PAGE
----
Ouya courts mobile developers with access to the TV

Boxer8, the company behind a new Android-based console called Ouya thinks what mobile game developers really want is access to the television — the screen that until now has been controlled by major console manufacturers.

The company, which launched its Kickerstarter campaign today in order to fund the first production run of its $99 console, is aiming to disrupt the market by bringing the openness of the mobile platform to console gaming.

According to founder Julie Uhrman, Ouya was designed from the very beginning to appeal to developers. “When you talk to developers about bringing games to the living room, it’s incredibly complicated and expensive process,” she explains. The end result of the current game development environment is more and more developers moving to mobile, she says. “You’re seeing a lot of the AAA console developers leave their shops.”

But even with the popularity of mobile gaming, the TV and the living room are still where gamers want to play, says Uhrman. She points out that more than half of all mobile gaming happens at home, and that three out of every four gaming dollars are still spent on the TV.  “Now there’s a chance to easily and affordably get your games to television using something you already know — Android,” she says.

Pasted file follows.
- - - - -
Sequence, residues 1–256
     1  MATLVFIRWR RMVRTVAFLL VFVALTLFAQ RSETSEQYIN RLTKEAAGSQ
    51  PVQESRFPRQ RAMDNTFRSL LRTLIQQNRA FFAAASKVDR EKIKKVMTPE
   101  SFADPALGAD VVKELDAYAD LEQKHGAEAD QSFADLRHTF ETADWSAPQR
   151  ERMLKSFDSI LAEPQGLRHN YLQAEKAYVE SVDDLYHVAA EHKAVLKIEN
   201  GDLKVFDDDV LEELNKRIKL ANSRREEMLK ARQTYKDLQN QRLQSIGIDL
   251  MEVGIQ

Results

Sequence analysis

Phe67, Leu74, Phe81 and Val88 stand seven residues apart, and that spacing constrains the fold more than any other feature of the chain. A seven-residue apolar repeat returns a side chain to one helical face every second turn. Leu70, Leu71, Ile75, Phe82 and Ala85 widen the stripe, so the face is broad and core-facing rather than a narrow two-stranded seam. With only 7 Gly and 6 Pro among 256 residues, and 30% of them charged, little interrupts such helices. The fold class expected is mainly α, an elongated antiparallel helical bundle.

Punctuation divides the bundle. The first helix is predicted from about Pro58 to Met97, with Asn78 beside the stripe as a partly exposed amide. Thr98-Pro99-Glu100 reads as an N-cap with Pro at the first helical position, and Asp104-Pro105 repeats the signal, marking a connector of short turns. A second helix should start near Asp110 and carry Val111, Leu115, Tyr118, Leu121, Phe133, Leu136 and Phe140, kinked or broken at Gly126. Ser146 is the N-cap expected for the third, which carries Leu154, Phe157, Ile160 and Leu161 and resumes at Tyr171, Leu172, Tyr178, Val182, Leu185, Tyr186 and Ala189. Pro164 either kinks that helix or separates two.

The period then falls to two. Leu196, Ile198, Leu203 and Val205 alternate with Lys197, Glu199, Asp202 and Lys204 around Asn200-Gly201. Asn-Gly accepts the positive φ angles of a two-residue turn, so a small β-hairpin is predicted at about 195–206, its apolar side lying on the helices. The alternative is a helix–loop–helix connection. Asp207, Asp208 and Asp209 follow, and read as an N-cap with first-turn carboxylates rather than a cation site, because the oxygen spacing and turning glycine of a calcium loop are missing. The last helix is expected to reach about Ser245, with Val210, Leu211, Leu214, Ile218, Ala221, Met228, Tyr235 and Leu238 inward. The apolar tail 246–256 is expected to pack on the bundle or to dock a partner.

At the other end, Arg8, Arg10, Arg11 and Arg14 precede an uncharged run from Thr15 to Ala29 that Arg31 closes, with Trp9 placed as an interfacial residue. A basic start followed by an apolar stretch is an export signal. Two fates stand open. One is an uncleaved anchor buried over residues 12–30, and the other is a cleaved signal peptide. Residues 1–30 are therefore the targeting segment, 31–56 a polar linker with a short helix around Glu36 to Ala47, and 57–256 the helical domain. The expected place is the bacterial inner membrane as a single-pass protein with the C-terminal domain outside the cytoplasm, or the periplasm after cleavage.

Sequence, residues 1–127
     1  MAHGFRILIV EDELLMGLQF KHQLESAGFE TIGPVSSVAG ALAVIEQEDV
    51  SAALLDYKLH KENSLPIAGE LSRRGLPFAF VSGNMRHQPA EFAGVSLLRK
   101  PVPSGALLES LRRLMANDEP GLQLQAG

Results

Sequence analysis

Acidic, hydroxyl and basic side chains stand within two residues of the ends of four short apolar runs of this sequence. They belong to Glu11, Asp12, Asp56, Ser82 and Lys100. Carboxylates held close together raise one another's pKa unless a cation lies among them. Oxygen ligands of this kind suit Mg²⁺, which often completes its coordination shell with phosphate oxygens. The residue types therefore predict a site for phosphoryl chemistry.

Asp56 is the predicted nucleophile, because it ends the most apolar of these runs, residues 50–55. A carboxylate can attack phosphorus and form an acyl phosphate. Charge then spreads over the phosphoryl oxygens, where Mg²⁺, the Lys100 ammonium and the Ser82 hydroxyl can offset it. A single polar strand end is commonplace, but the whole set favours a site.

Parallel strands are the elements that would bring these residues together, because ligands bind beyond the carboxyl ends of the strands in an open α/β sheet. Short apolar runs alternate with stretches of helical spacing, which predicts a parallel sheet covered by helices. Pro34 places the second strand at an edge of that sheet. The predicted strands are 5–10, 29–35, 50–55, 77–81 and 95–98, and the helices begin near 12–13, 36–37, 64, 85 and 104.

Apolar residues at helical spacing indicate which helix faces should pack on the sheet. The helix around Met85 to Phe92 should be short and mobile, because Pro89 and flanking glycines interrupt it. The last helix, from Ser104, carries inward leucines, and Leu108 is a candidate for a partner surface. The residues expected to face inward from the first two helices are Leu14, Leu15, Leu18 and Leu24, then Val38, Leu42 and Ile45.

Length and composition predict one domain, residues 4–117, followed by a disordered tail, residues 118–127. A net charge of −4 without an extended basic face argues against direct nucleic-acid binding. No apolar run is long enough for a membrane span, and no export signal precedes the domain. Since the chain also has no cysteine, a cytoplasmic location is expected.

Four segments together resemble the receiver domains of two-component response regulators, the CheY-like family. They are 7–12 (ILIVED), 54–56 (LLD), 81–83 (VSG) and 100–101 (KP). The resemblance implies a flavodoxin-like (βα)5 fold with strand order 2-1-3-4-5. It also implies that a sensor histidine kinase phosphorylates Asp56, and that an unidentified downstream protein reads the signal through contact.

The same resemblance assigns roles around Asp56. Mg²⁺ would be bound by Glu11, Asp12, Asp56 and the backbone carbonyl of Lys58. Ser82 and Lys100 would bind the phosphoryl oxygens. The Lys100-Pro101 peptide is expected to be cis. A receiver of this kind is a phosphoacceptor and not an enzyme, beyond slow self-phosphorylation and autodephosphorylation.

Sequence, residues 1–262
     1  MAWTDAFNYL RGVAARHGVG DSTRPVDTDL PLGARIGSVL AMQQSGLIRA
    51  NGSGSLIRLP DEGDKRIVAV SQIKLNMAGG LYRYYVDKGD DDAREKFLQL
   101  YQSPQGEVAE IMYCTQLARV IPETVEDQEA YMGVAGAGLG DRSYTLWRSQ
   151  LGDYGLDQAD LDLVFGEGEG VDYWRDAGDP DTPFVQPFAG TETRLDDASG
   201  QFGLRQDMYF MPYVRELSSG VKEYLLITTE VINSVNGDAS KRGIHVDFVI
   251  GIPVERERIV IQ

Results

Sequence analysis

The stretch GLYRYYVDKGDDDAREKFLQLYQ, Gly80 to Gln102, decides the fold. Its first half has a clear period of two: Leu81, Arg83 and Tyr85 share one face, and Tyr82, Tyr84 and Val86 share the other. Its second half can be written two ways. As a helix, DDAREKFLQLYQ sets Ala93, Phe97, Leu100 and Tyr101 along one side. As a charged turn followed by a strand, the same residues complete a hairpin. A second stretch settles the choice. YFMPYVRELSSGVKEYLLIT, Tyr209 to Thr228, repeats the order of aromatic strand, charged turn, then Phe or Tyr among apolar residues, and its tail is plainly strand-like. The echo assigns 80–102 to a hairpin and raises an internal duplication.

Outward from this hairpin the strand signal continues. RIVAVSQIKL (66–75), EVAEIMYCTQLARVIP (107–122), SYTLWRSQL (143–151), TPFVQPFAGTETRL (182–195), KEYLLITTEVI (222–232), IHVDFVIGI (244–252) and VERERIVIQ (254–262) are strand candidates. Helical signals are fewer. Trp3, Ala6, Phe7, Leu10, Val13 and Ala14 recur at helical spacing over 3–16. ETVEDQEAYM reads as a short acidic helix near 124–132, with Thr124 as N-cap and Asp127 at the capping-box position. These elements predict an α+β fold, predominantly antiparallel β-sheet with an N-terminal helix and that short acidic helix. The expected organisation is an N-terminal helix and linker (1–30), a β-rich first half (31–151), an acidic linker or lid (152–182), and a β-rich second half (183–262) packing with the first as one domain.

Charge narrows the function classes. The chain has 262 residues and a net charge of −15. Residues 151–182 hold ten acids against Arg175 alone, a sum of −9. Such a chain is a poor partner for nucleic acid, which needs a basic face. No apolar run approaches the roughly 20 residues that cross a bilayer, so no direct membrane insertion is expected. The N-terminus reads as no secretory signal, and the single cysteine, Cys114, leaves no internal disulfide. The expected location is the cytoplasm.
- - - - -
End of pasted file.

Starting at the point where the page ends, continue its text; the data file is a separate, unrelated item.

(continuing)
Under the hood, an Ouya box is essentially a very good Android tablet, and its design includes several nods to its intended developer community. The system has a Tegra3 quad-core processor, 1 GB of ram, 8 GB of internal storage, and will run Android 4.0. The controller will have a touchpad in order to help developers port existing mobile games to the platform. The custom Android-based Ouya SDK will be free for developers, and every Ouya system will also function as a debug console. Unity Technologies will be a launch partner, a win considering the popularity of the Unity engine among mobile developers. Monetization-wise, all games on the platform will be free-to-play in some way, wether it be through demos, subscriptions or in-app purchases. Developers will take home 70 percent of all revenue, the same deal they already receive from Apple, Google and Amazon.

So far the system received a lot of well-publicized support from celebrity developers like Brian Fargo and Jordan Mechner. However, more importantly mobile developers like Spry Fox’s David Edery, Storm8’s Perry Tam and Madfinger Game’s Marek Rabas have all endorsed the console. For Ouya to succeed in the long term, support from free-to-play experts like Storm8 is likely far more important.

Of course, as a Kickstarter funded project, Ouya’s fate lies in the hands of consumers, but so far the project is off to a roaring start. Since going live this morning at 6:00 am, Ouya has already raised more than $328,000 of its $950,000 goal.

Update: Ouya has already surpassed its $950,000 goal. As of 2:50 pm PST, the project has raised more than $1,112,058.00.